Differentiating Instruction Based on Patterns of Development

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  • 0:03 Instruction for All Learners
  • 0:54 Patterns of Development
  • 1:16 Physical Level of Development
  • 2:36 Social Level of Development
  • 3:29 Academic Levels of Development
  • 4:42 Lesson Summary
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Lesson Transcript
Instructor: Sharon Linde

Sharon has a Masters of Science in Mathematics

Effective teachers make sure each student in the classroom finds success. This lesson identifies patterns of development and shows how to use this information to differentiate instruction so all students master content.

Instruction for All Learners

Every day, teachers make decisions about their instructional design, or what, how, and who they'll teach. They understand that by being intentional in the planning process, they ensure each student will make progress. How are they able to make decisions about instructional design? Along with overarching guidelines, such as school or district objectives, they use data about individual students to create learning goals. Using these goals and objectives, they design lessons and learning experiences.

In other words, teachers differentiate their instruction based on what students need in order to succeed. Mr. Davis, a middle school teacher, looks at his students in many ways in order to get a full picture of who they are as learners. In addition to other factors, he considers their physical, social, and academic development. Let's take a closer look at these three patterns of development.

Patterns of Development

Mr. Davis wants to ensure all students in his classroom are successful. He designs instruction and learning experiences that differentiate according to student needs. He can narrow down the criteria he looks at by focusing on students' patterns of development, or the ways that contribute to their learning. We divide these into three categories: physical, social, and academic.

Physical Level of Development

Mr. Davis looks at his students' physical level of development in order to determine what they are able to physically accomplish in his classroom. Middle school students come in all shapes and sizes and have many strengths and struggles with their physical abilities. Some students have special physical needs and need accommodations, such as room for a wheelchair or a seat closer to the board. Other students not diagnosed with special needs will still have some physical aspects Mr. Davis considers, including:

  • Fine motor skills that impact handwriting or other skills
  • Hand-eye coordination that may affect a student's neatness
  • Minor hearing or vision impairments that require special seating
  • Students' size and shape

When Mr. Davis designs instruction to help all students learn, he makes sure to consider aspects of physical development such as a student's ability to write or complete paperwork neatly. He accommodates, or modifies the instruction, for these students by allowing them to use a laptop or partner with another student for writing purposes. Some students may need to sit nearer to the board or the speaker.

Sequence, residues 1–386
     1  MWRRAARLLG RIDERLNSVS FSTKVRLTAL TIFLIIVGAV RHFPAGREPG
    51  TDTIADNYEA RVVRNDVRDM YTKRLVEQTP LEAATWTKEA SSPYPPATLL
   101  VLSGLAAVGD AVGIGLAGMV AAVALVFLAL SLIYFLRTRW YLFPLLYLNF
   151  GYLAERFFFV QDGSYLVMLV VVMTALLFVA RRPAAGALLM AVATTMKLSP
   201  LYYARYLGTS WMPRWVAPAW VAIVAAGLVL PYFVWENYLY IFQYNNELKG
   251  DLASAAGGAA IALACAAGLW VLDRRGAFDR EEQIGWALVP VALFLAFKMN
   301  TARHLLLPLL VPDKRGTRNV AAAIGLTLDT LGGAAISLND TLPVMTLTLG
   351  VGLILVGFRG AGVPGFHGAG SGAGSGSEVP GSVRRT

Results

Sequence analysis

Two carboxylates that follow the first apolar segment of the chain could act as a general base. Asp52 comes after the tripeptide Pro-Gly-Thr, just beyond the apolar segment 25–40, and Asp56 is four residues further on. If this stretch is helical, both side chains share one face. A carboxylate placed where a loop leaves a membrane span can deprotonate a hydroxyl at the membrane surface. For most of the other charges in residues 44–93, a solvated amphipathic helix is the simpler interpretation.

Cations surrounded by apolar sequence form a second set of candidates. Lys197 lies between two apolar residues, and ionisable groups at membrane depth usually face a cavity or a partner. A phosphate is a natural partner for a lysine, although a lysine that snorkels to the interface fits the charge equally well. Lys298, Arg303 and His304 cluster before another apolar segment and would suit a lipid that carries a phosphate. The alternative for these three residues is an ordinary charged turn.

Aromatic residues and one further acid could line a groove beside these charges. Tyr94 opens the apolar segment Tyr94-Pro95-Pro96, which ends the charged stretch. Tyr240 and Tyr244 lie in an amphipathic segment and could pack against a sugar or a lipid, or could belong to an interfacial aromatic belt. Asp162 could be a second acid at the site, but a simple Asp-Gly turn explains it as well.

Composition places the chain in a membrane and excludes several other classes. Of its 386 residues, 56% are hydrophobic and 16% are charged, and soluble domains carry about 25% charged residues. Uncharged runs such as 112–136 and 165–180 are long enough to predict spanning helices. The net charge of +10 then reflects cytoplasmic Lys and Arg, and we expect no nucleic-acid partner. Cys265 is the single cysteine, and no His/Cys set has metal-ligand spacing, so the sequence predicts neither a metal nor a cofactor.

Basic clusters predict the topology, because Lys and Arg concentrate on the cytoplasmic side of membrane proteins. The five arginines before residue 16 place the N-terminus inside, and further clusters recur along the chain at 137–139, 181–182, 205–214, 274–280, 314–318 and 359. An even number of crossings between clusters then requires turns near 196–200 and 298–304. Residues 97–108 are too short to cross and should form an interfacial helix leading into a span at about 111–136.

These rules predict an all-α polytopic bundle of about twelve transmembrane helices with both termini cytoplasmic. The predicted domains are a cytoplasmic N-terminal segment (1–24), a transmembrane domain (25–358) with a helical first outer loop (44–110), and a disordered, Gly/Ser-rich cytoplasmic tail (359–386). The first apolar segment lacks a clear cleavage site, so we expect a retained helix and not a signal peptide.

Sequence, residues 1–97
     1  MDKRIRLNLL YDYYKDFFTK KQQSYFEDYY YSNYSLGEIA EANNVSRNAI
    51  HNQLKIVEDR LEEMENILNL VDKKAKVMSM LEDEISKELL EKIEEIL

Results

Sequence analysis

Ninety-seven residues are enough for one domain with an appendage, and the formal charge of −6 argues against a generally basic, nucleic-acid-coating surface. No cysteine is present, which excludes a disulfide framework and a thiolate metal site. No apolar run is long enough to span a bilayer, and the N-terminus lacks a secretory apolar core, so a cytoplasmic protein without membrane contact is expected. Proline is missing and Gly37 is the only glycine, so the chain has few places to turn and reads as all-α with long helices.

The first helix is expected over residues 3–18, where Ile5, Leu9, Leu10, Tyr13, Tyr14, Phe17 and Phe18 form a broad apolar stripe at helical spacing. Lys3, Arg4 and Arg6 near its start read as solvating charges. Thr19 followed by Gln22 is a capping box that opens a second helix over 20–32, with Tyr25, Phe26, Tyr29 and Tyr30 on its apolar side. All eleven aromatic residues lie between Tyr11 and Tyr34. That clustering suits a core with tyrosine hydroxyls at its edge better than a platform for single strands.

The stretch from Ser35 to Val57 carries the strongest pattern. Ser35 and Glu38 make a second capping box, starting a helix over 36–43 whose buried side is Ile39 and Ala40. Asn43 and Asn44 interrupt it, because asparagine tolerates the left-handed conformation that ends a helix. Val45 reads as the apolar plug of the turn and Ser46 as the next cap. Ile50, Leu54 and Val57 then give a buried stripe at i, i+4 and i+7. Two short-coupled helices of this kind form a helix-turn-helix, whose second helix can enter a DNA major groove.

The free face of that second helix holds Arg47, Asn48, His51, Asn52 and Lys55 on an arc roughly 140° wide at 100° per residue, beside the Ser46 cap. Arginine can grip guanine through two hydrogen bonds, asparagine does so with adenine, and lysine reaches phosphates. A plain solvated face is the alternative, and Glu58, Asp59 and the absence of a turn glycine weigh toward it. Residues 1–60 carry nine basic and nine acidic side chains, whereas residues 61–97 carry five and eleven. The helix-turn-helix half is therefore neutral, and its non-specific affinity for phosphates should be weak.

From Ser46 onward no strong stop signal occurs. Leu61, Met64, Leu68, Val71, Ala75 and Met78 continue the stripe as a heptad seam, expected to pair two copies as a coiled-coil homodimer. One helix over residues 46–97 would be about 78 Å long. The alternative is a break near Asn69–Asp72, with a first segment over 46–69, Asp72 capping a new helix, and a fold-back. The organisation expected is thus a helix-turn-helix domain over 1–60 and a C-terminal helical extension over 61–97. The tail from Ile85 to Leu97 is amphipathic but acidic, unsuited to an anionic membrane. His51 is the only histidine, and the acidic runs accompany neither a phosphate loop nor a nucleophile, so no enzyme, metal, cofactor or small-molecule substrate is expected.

Finally, Mr. Davis thinks about his students' growing bodies as he imagines seating. While younger students fit neatly on the carpet, his students will need to gather in a larger space, like in the cafeteria or hallway. When planning group work, he thinks about how he will organize physical space in light of his students' physical needs.

Social Level of Development

There is a wide array of social development in Mr. Davis's class. When designing lessons, he considers the social level of development, or how students interact with one another. This aspect of development takes many forms, including a student's ability to interact with peers, respond to feedback, and mediate conflict.

Mr. Davis has some students who are socially mature and have an easy time in a variety of learning situations. Other students, though, have a less mature social level of development. They aren't yet as comfortable with peer interactions and prefer to work alone. When designing instruction, Mr. Davis sometimes allows students to make decisions about who they will work with and how many students can work together. Other times, however, he intentionally partners students so different levels of social development are present in groupings. This allows students to learn social skills from one another and find success in learning activities.

Academic Level of Development

Finally, Mr. Davis differentiates instruction based on students' different academic levels of development. This category refers to a student's current level of ability on a topic or skill. Students in Mr. Davis's class have a wide range of academic abilities. Some are above-level readers, yet struggle with math; others easily grasp scientific concepts, yet are unsuccessful in writing. In order to design instruction that helps students succeed no matter what academic level they are on, Mr. Davis relies on instructional data on each student.

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